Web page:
April 20: As Congress continues negotiations around the next COVID-19 supplemental package, the ACC sent a letter to Senate and House leaders regarding additional support for ongoing patient and clinician needs. Additionally, the College is encouraging members to contact their members of Congress. Get the details.
April 10: In a joint letter to CMS sent April 10, the ACC and more than 40 other medical specialty societies asked the Agency to encourage Medicare Advantage and Part D plans to relax prior authorization and step therapy standards for medically necessary prescribed or ordered treatments and services during national pandemics.
April 8: The ACC joined with roughly 40 other health care organizations and specialty societies in a letter to CMS urging additional emergency actions to “further enable physicians to provide necessary care to those suffering from COVID-19, as well as their broader patient populations as needed and appropriate.”
April 6: The ACC endorsed a statement from the American Society of Echocardiography that provides guidance to protect patients and providers during the COVID-19 pandemic. The statement has been published in the Journal of the American College of Cardiology.
April 6: The College wrote to U.S. Department of Health & Human Services (HHS) Secretary Alex M. Azar II to request quick and direct disbursement of "necessary Public Health and Social Services Emergency Fund resources to eligible health care providers, including specialty and multi-specialty practices."
April 2: The ACC joined with the Council of Medical Specialty Societies (CMSS) and its member societies to issue a statement that advocates for "action to ensure safer working conditions for physicians and other [health care] professionals on the [front lines] of direct patient care."
March 30: The Centers for Medicare and Medicaid Services (CMS) announced a broad package of flexibility, further loosening telehealth requirements, streamlining coverage and quality standards, and waiving several compliance activities to allow clinicians to best care for patients during the public health emergency, as recommended by the ACC and other stakeholders.
March 30: The ACC joined with the American Heart Association and 11 other cardiovascular and health care society leaders on a joint statement expressing concern "over the critical shortages of medical equipment, including ventilators, test kits and all types of personal protective equipment (PPE) such as masks, face shields and gowns, to adequately address the COVID-19 public health crisis."
March 27: The third COVID-19 emergency response bill, the Coronavirus Aid, Relief, and Economic Security (CARES) Act, included significant funding and flexibility recommend by the ACC to address equipment and workflow gaps to protect the public and clinicians who care for patients.
March 25: The College signed onto a joint letter with the American Medical Association that urged Congress "to include in the final 'stimulus' legislation specific provisions to help physicians sustain their practices and provide their patients with the best possible care during the COVID-19 emergency. Specifically, the legislation should support and sustain physicians and their practices during this unprecedented national emergency through tax relief, no-interest loans, direct payments, payment for virtual visits including phone calls, and other measures."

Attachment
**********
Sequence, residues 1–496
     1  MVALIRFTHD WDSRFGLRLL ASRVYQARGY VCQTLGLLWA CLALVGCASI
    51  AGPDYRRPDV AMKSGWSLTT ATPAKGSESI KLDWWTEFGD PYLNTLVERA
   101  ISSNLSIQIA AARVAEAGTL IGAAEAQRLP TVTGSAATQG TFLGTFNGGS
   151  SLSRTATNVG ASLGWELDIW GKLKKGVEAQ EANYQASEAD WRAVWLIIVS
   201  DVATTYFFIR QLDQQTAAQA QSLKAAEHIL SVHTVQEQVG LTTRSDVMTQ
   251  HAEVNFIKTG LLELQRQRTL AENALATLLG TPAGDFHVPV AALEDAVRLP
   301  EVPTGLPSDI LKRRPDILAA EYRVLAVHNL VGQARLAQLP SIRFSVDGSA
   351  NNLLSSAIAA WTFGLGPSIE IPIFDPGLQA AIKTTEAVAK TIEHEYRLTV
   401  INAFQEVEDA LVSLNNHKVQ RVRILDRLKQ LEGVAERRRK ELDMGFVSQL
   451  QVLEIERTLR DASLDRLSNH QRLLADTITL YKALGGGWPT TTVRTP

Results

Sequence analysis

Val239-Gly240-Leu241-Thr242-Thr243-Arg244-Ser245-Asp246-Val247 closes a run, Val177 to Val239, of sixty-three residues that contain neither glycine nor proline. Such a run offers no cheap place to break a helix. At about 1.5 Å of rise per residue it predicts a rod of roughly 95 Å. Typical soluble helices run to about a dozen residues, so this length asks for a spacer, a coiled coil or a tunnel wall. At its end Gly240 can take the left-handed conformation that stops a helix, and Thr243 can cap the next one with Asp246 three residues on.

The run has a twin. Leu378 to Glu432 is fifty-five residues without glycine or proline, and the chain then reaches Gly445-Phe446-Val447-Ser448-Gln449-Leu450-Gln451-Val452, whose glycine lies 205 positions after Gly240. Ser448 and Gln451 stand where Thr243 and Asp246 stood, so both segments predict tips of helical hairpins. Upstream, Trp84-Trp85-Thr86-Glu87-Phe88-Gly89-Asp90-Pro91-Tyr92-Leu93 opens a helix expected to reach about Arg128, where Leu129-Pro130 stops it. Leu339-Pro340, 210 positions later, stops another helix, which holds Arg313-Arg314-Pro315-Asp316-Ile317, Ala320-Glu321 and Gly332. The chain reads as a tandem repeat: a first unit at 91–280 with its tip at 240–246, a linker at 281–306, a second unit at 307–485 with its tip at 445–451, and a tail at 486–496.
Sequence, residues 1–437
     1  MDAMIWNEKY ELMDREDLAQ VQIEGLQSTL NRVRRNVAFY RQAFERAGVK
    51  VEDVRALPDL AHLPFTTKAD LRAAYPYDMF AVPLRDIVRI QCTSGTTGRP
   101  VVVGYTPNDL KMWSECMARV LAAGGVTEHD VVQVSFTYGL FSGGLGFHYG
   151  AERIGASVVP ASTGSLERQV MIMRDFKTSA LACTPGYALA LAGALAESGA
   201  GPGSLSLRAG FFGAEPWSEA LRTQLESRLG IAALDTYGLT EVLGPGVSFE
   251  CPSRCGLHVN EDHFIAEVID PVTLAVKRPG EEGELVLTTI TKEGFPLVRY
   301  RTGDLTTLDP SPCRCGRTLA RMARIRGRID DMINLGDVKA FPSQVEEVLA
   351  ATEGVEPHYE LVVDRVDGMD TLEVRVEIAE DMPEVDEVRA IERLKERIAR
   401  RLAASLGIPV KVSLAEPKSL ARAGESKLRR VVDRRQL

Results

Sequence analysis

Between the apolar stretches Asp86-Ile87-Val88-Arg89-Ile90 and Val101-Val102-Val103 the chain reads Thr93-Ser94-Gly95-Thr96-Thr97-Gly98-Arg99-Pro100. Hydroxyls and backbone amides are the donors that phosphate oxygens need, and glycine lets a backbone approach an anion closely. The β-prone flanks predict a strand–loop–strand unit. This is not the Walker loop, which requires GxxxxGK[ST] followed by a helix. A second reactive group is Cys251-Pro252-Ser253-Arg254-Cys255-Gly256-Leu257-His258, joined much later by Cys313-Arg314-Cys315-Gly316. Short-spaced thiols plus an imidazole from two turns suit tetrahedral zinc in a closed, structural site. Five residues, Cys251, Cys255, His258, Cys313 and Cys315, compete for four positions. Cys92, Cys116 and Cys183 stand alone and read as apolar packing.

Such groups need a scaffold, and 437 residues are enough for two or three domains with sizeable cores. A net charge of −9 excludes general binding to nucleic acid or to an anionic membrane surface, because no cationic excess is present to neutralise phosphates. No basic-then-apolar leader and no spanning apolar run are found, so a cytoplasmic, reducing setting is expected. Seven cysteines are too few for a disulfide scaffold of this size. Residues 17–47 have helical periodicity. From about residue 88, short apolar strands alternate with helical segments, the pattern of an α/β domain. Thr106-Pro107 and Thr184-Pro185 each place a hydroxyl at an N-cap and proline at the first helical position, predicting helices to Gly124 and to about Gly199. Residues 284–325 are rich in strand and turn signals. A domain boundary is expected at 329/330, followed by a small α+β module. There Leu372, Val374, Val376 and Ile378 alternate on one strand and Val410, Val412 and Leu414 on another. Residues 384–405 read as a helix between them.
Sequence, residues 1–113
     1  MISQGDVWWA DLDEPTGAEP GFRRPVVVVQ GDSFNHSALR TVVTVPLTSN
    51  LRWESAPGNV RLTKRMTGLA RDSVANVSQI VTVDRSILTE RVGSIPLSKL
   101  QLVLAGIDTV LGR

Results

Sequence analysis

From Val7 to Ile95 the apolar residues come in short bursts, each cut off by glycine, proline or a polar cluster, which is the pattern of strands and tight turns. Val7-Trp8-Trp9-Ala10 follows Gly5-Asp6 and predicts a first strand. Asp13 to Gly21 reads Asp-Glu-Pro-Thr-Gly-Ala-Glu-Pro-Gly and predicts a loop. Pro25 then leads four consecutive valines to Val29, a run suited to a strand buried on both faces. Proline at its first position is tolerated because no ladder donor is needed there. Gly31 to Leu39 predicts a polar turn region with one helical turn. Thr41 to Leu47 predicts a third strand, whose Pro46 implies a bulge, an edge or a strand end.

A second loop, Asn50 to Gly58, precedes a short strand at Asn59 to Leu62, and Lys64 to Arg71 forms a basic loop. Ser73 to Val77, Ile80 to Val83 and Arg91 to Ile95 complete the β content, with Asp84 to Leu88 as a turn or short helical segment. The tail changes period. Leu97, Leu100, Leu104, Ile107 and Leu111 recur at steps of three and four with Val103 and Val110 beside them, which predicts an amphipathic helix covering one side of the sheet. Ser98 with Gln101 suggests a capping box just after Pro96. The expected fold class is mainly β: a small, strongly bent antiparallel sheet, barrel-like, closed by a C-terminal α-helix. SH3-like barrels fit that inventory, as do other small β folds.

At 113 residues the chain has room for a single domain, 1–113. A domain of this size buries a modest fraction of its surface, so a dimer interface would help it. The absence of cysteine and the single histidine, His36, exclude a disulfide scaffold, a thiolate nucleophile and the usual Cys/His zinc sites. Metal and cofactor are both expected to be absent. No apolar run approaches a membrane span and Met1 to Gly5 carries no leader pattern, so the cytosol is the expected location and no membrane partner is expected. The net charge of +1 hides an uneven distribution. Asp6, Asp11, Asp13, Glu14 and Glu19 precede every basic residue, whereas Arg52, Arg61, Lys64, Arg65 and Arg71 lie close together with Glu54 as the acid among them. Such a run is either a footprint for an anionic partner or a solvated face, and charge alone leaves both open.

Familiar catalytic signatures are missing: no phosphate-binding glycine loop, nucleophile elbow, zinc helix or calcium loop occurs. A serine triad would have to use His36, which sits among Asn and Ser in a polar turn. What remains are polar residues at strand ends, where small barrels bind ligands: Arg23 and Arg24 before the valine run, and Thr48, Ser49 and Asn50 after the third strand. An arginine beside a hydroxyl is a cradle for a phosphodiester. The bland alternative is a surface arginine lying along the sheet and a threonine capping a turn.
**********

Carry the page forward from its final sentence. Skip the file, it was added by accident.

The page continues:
March 24: Members of ACC's Health Affairs Committee and other leaders joined in a call with CMS Administrator Seema Verma to offer insights from providers on the front lines. The call provided a forum for more than 5,000 participants to share best practices and addressed critical topics like triaging patients, telehealth and workforce issues. Mark F. Victor, MD, FACC, was called upon by the administrator and vocalized the concerns of ACC members around the need for telehealth flexibility and consistent guidance and support for practices for the duration of this public health emergency.
March 19: In a letter to Reps. Nancy Pelosi and Kevin McCarthy and Sens. Mitch McConnell and Charles Schumer, the ACC called for increased resources to help bolster the supply chain of lifesaving equipment, such as ventilators; increased resources for PPE; additional support from the federal government to ensure aggressive implementation of telehealth management; and reasonable liability protections for those on the front lines addressing an overwhelming crisis with limited supplies and protective gear. The letter also strongly urged congressional leaders to include economic support for medical practices and institutions to help them weather this crisis as they appropriately limit noncritical services.
March 18: ACC President Richard J. Kovacs, MD, FACC, met with President Trump, Vice President Pence and health care leaders. Kovacs stressed the need for more personal protection equipment and COVID-19 tests, continued support for telehealth, clarity on liability, and more and better data from which to model the effect and duration of the pandemic.
March 17: CMS announced new flexibility to provide Medicare Telehealth services to beneficiaries regardless of originating site location, an important and incremental step to mitigate spread.
March 2: The ACC and the American College of Physicians urged policymakers to expand telehealth solutions as a mechanism to enhance social distancing and prevent community spread. Authority to waive some telehealth restrictions are included in the first COVID-19 emergency response bill on March 6.
Keywords: Coronavirus, COVID-19, Medicare, Public Health, Workflow, Caregivers, Pandemics, Medicaid, Coronavirus Infections, ACC Advocacy